The Alma-Tadema Artists!

This afternoon I learned that I can no simply write “Alma-Tadema” to designate the paintings of Sir Lawrence Alma-Tadema, a Dutch-born artist who worked in England in the latter part of the 19th and early 20th centuries. Writing just the last name would be too confusing, since I now have learned that Lawrence was not the only painter in his family: his second wife, Laura Theresa Alma-Tadema (maiden name: Laura Epps) was a painter as well, as well as his daughter Anna! I love the thought of the Alma-Tademas painting together and consulting each other on their latest artistic project. I want to highlight these two lesser-known female Alma-Tadema artists, Laura and Anna, in this post.

According to her obituary in The Times in 1909, Laura was being trained as a musician until she met Lawrence Alma-Tadema, who subsequently taught her how to paint. The two were wed that same year, in 1871. The paintings by Laura Alma-Tadema are different than her husband, though I do think that their styles are complementary. Although both husband and wife were interested in depicting scenes from the past, Laura’s paintings tended to focus more on genre and domestic scenes.

Laura Theresa Alma-Tadema, "Always Welcome," 1887. Russell-Coates Art Gallery and Museum.

Laura Theresa Alma-Tadema, “Always Welcome,” 1887. Russell-Coates Art Gallery and Museum.

The painting Always Welcome (shown above), suggests the interior of a Dutch home in the 17th century, particularly due to the clothing of the little girl. In this scene, a young girl has come to visit her invalid mother. This painting was owned by the collector Sir Merton Russell-Coates, and it was Merton’s favorite piece in his extensive collection. The painting also resonates with me, since my littlest sister, a blonde, was five years old when my dark-haired mother fell very ill and was bedridden some years ago.

Similar subject matter that celebrates the Golden Age of Holland can be seen in lots of Laura’s other paintings, including At The Doorway and Sweet Industry. Although I do think that her husband was the greater of the two artists (there are some bits of awkwardness in her proportions and stiffness in her figures at times), I’m glad to know that Laura was a painter in her on right. She exhibited regularly at the Royal Academy and also exhibited elsewhere in Europe, including the International Exhibition in Paris (1878) and International Art Exhibition in Berlin (1886).

Lawrence Alma-Tadema, "This is Our Corner," 1872. Image courtesy Wikipedia

Lawrence Alma-Tadema, “This is Our Corner,” 1872. Image courtesy Wikipedia

There is no doubt that Lawrence and Laura’s artistic influence played a role in the art created by Lawrence’s daughter, Anna. Anna and her elder sister Laurence were born to Lawrence’s first wife, Marie-Pauline Gressin Dumoulin, who died the year that Anna turned two years old. The two sisters are depicted in This is Our Corner (shown above), painted by their father Lawrence in 1872.

Anna Alma-Tadema, "The Drawing Room" (also called "The Drawing Room at Townshend House"), 1885. Watercolor

Anna Alma-Tadema, “The Drawing Room” (also called “The Drawing Room at Townshend House”), 1885. Watercolor

Anna Alma-Tadema enjoyed some success as an artist, particularly during the time that her father was also alive. Like her stepmother Laura, Anna also exhibited at the Royal Academy and other international exhibitions. Anna was a talented artist with an eye for fine detail, which allowed her to create some beautiful paintings of domestic interiors full of exotic and luxurious items. One watercolor, The Drawing Room (1885, shown above), was created when Anna was a teenager. This painting was exhibited in the Columbian Exhibition in Chicago in 1893. I think it is easy to see how Anna’s taste for luxury and exoticism fits with the aesthetic of her father’s romanticized and orientalist paintings.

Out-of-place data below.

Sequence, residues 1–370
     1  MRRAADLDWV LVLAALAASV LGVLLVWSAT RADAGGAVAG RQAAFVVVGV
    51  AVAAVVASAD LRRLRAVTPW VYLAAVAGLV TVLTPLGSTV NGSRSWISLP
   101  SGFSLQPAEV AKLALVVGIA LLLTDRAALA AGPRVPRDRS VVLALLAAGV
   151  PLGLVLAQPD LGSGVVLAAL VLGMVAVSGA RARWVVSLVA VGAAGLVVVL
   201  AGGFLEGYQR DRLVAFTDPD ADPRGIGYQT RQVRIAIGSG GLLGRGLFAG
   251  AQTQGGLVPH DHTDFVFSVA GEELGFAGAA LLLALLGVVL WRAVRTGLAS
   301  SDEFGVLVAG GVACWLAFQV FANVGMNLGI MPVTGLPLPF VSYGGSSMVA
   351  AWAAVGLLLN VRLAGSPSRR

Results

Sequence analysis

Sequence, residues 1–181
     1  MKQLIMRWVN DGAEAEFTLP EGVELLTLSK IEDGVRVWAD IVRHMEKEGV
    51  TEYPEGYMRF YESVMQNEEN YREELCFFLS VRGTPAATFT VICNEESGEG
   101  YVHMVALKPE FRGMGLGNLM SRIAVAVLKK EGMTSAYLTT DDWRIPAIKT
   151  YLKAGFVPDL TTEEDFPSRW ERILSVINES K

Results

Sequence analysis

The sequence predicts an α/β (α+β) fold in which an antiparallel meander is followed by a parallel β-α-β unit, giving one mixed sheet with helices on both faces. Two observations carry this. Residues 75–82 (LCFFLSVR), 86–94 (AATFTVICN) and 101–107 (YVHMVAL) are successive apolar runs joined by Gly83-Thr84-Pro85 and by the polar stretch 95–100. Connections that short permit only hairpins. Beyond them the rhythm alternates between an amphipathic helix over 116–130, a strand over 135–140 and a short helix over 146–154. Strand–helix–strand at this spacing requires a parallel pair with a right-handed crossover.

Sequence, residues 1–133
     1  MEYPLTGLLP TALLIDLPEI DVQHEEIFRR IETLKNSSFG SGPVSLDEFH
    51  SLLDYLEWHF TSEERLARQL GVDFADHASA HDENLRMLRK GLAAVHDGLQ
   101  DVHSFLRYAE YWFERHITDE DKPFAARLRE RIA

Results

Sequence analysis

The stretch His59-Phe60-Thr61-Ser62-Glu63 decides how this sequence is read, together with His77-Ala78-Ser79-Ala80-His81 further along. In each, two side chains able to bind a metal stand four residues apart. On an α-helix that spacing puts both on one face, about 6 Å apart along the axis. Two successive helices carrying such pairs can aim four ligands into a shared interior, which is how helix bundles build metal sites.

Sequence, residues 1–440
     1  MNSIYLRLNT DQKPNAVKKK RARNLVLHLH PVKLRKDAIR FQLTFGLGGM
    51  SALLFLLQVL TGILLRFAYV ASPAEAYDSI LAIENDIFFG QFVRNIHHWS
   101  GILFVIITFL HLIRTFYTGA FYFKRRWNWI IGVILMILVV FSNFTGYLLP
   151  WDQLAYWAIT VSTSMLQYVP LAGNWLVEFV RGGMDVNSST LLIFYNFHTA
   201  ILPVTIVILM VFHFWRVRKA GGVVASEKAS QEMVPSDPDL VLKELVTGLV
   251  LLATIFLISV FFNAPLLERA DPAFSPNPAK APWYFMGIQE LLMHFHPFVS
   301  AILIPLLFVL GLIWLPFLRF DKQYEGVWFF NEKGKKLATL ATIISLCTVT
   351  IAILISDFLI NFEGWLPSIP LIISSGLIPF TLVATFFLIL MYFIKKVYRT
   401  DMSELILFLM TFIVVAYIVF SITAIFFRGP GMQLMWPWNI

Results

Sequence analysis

Anna Alma-Tadema (1865-1943), Self_Portrait, n.d. Oil on paper.

Anna Alma-Tadema (1865-1943), Self_Portrait, n.d. Oil on paper.

The two Alma-Tadema sisters never married – in fact, Laurence, a writer, wrote a short poem, “If No One Ever Marries Me” in 1897. The two sisters reputedly lived in poverty and obscurity after their father’s death, which is unfortunate given their talent and promise. In order to help pull Anna’s work out of obscurity, I’ll be more careful and specific when I label something by one of the Alma-Tadema painters. Even in writing this post, I found several paintings by Laura and Anna which were attributed to Lawrence (something that another blogger lamented back in 2011!).

What are your favorite paintings by either Lawrence, Laura, or Anna Alma-Tadema?

  • Hels says:

    I agree with your suggestion that it is easy to see how Anna’s taste for luxury and exoticism fits with the aesthetic of her father’s romanticised and Orientalist paintings. There is something of her dad’s colour choices as well. Either there was a genetic link between their two oeuvres, or Lawrence influenced Anna’s work through discussions and modelling.

  • Val S says:

    I wrote a couple of papers on Sir Lawrence, and I was also intrigued by his wife’s and daughter’s paintings. I agree their styles are very similar to Sir Lawrence’s, and they are amazingly talented. I hadn’t seen Anna’s self-portrait before – it’s lovely.

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This blog focuses on making Western art history accessible and interesting to all types of audiences: art historians, students, and anyone else who is curious about art. Alberti’s Window is maintained by Monica Bowen, an art historian and professor.